New diploma programme in cleaning, waste management aims to meet growing manpower needs

The 18-month programme by Republic Polytechnic (RP) intends to upskill workers in the environmental services industry in order to meet growing manpower needs.
The 18-month programme by Republic Polytechnic (RP) intends to upskill workers in the environmental services industry in order to meet growing manpower needs. PHOTO: ST FILE

SINGAPORE - Institute of Technical Education graduates and mid-career professionals who wish to pursue a career in the environmental services and waste management industries have been given a boost with a new part-time diploma.

The 18-month programme by Republic Polytechnic (RP), launched on Wednesday (Jan 3), intends to upskill workers in the environmental services industry in order to meet growing manpower needs.

It will be the first SkillsFuture Earn and Learn Programme (ELP) for waste management and cleaning services. The SkillsFuture ELP is a nationwide scheme across various sectors that was started in 2015, and allows participants to undergo on-the-job training while studying.

Participants in the RP programme will be given insight into the sectors and taught skills for roles such as operations executives and hazardous waste specialists.

There is also a non-ELP format of the programme for adult learners keen on switching careers to the waste management industry, where they will be equipped to play supervisory or senior technical roles.

The initiative will contribute to building a skilled resident workforce in the industry - one of the strategies of the Environmental Services Industry Transformation Map launched in December last year.

With the implementation of the road map's initiatives, about 30,000 people in the environmental services industry will benefit from higher value-added jobs through upskilling and technology adoption by companies by 2025, said Dr Amy Khor, Senior Minister of State for the Environment and Water Resources and Health, at the event at the polytechnic in Woodlands.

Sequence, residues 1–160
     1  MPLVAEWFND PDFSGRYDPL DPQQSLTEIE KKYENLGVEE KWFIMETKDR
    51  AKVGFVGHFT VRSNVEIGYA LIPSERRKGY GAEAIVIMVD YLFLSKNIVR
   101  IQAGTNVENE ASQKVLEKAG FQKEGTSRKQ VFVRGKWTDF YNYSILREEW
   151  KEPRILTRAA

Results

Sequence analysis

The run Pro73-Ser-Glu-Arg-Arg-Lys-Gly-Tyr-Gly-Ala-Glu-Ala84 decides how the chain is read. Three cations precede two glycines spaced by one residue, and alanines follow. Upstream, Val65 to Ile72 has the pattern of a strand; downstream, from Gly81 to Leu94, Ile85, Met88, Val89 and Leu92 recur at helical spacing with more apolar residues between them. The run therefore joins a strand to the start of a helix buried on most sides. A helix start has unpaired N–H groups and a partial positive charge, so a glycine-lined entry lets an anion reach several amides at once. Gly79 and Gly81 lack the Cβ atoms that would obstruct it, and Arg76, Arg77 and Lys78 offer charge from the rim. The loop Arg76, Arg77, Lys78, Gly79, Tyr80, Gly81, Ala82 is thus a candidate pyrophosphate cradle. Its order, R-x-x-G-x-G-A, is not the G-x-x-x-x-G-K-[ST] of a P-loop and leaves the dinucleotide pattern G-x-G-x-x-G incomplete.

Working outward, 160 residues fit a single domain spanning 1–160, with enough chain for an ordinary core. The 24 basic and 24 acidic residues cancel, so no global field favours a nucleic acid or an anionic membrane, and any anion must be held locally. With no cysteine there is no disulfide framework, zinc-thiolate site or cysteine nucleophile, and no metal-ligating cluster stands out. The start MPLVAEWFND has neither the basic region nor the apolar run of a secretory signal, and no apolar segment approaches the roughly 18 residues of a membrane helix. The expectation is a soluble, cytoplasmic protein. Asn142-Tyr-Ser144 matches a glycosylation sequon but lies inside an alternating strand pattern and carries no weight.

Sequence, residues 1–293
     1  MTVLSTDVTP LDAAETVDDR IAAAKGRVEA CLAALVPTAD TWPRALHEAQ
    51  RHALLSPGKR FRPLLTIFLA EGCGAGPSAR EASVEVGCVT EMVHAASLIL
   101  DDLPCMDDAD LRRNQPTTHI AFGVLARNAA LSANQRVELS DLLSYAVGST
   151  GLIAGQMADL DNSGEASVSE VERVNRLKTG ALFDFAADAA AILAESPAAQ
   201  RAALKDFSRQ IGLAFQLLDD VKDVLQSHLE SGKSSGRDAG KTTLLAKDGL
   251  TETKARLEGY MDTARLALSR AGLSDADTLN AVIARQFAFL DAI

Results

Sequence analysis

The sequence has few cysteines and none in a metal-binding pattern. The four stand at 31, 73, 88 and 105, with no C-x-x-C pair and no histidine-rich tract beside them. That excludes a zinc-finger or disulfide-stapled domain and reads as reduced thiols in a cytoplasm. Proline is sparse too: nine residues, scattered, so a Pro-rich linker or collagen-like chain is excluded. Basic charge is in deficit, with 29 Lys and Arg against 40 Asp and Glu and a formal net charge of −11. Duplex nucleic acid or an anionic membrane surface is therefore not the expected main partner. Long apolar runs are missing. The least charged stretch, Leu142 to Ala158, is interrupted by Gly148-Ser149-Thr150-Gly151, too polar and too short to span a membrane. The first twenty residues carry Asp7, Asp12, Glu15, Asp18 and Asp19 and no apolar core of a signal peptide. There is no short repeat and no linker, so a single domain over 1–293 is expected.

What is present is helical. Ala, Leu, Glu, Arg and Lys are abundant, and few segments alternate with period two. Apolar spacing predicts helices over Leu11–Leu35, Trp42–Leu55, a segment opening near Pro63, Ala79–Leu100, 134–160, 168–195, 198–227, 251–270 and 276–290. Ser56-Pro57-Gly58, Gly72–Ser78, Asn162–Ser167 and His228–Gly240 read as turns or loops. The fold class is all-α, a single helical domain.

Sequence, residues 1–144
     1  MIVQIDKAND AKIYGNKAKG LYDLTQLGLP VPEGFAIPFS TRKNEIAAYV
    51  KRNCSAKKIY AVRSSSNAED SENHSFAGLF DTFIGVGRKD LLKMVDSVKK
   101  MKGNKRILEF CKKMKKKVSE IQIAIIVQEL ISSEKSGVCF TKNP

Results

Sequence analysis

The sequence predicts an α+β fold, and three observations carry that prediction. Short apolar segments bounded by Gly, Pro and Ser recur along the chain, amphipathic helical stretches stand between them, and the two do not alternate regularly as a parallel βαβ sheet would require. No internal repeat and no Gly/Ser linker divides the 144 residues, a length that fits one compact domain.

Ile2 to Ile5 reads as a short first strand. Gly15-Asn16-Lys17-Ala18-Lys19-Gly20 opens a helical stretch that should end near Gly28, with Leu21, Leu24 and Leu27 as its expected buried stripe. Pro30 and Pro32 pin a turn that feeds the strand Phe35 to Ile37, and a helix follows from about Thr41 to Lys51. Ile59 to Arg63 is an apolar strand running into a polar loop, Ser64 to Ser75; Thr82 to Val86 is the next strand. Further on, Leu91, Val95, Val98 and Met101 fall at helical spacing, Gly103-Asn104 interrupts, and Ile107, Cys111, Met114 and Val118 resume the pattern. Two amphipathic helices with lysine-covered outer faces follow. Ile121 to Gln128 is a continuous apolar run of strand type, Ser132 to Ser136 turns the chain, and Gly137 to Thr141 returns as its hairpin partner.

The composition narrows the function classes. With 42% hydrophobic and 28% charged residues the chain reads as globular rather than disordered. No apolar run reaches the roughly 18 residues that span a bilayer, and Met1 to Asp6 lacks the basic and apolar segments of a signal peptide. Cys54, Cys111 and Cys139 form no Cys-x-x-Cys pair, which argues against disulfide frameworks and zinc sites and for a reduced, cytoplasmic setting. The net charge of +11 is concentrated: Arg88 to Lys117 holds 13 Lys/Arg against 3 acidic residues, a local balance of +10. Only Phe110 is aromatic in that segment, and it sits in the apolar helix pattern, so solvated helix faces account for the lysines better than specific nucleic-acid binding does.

There were more than 78,000 professionals and 1,700 companies in the sector as of 2016.

"As we increasingly face manpower constraints due to low birth rates and an ageing workforce, it is even more critical to ensure that the (environmental services) sector is progressive, competent and productive," Dr Khor added.

The programme will partner 14 industry players - one of which is PV Vacuum Engineering, which specialises in high-tech waste management systems. The company will have students working on the design concepts of its systems, project execution and after-sales support.
 
Its general manager David Heng said: "Students, with their fresh minds, can come up with ideas that some of us in the industry, for many years, have never thought about." 
 
The course will commence in June with its first intake of 50 students. Among its selection criteria, said Mr Jeremy Kong, RP's programme chair for its environmental science diploma programme, are qualities of resilience and a passion for conservation. 
 
"Not everyone can take this industry," said Mr Kong, who is in charge of the new programme. "They might not like the smell (of the refuse) on their first day. As we are training potential supervisors and managers from this programme who lead small teams on the ground, they will also be out in the sun." 
 
He hopes that the course will be able to attract students so that it can help provide a "sustained manpower boost for the industry". The average worker in the industry is aged 49.7, he said, quoting National Environment Agency figures. 
 
He also wants graduates of the programme to implement a technological shift in the waste management industry with their know-how, such as by optimising the routing in the collection of waste, for instance. 
 

The event on Wednesday also saw the unveiling of the RP Rain Garden, an outdoor-learning facility built in collaboration with national water agency PUB. In the rain garden, students will be able to examine and test water quality.